Yesterday’s discussion of future biological advances that will piss off the religious right had me thinking about other innovations that I expect will happen within a few decades that might just cause wingnuts to freak out. First thing to come to mind is that it will be something to do with reproduction, of course, and it will scramble gender roles and expectations…so, how about modifying men to bear children? It sounds feasible to me. Zygotes are aggressive little parasites that will implant just about anywhere in the coelom — it’s why ectopic pregnancies are a serious problem — so all we need to do there is culture a bit of highly vascularized tissue in the male abdomen that will serve as a secure home for a few months. We’ll have to play some endocrine games, too, which may effect his love life but will also prepare him to lactate post-partum. There’s the minor anatomical problem that the vagina is a unique tissue, and no, the urethra is not homologous or analogous (fortunately; we wouldn’t want to have to push an 8 pound baby through the penis, even if female hyenas can manage it) — but that’s what c-sections are for. Given money, time, and a few weird volunteers, it could be done.
The next question is, has it been done? Are there any other vertebrates that have males doing the hard work of pregnancy? There were the gastric brooding frogs, which one would think could have made the leap easily — the eggs were just swallowed and developed in the stomach — but only the mothers seemed to have done the job. They’re all extinct, anyway. Male frogs of the genus Rhinoderma brood their young in their mouths, but this is after external fertilization and development, so they’re actually simply holding larvae in a safe place — and they’re also endangered. The precedents aren’t promising.
There is an extremely interesting and successful example, though: the syngnathid fishes, sea horses and pipefish. In all 232 species, the female lays her eggs in a specialized male structure called the brood pouch, where they are fertilized and develop. It’s a true male pregnancy!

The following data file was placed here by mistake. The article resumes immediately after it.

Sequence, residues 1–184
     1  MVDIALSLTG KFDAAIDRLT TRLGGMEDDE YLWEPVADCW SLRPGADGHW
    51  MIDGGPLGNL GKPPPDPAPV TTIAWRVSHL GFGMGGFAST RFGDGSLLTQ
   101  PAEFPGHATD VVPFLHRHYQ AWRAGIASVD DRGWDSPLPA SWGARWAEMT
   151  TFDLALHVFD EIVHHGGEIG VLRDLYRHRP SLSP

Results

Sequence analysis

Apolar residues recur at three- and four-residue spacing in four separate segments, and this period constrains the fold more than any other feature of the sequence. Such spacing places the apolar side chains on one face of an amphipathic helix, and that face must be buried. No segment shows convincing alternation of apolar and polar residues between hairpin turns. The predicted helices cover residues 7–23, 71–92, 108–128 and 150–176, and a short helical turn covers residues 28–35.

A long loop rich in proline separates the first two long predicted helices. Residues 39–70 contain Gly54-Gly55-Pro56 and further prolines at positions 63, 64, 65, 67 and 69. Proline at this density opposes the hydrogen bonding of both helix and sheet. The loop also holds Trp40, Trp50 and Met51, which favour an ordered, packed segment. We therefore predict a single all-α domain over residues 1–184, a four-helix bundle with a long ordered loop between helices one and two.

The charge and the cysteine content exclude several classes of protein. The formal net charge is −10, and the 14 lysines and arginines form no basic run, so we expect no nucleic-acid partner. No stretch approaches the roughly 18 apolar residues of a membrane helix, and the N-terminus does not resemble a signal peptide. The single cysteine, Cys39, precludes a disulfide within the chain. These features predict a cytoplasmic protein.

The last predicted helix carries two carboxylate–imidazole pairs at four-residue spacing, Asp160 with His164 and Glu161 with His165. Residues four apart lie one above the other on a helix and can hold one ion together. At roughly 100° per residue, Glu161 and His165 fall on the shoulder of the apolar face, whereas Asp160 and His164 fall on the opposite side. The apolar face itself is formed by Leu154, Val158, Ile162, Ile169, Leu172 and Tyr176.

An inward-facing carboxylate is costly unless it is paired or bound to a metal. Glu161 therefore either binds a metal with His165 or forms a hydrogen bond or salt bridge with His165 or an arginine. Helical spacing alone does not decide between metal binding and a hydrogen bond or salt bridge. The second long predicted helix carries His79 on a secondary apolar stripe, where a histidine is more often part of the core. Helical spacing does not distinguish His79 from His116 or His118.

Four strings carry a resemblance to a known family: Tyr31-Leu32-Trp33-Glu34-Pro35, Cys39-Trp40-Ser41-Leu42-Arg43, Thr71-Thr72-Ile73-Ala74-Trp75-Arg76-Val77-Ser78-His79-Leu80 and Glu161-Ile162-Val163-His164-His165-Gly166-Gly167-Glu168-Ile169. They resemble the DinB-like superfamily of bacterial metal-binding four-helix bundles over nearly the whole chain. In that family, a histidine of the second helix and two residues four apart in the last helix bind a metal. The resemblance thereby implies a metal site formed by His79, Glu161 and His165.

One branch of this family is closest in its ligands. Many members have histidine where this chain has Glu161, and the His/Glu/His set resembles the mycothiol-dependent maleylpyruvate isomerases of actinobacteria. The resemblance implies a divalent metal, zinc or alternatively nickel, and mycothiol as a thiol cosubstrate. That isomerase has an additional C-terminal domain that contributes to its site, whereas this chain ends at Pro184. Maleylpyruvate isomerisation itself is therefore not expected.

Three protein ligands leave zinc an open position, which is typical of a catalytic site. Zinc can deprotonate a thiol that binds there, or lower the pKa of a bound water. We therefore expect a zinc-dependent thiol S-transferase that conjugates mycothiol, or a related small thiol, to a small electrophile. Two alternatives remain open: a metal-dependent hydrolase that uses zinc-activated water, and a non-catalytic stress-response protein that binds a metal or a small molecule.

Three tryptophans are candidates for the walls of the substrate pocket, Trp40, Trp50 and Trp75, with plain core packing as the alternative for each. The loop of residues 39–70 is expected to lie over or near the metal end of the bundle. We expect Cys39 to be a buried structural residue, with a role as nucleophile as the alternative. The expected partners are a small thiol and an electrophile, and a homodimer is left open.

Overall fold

Now this is interesting stuff. Despite the fact that this is a rather unusual vertebrate group and following a unique pattern of reproduction, we can see the pattern of evolutionary history fairly clearly in its lineage. There is a great deal of reproductive diversity in the syngnathids, but there is also a detectable pattern of increasing male investment in the care of embryos. There is a clear, early split in the group by the location of the brood pouch, either abdominal or under the tail, but both groups show increasing elaboration of the structures involved in protecting the embryos.
The other mark of specialization is dedicating new tissues to the job. These brood pouches aren’t just passive pockets to shelter the young — there are layers of epithelia that regulate the environment, and they show patterns of growth in response to pregnancy. It’s nowhere near as elaborate as the placental-uterine interface in mammals, but there are dense layers of vascularized supportive tissues into which the embryos nestle, and a specific chemical environment is maintained around them. These cross sections of a between terms (left) and pregnant (right) seahorse are pretty darned cool — that’s not just a bag for holding eggs, it’s a whole uterus-like environment.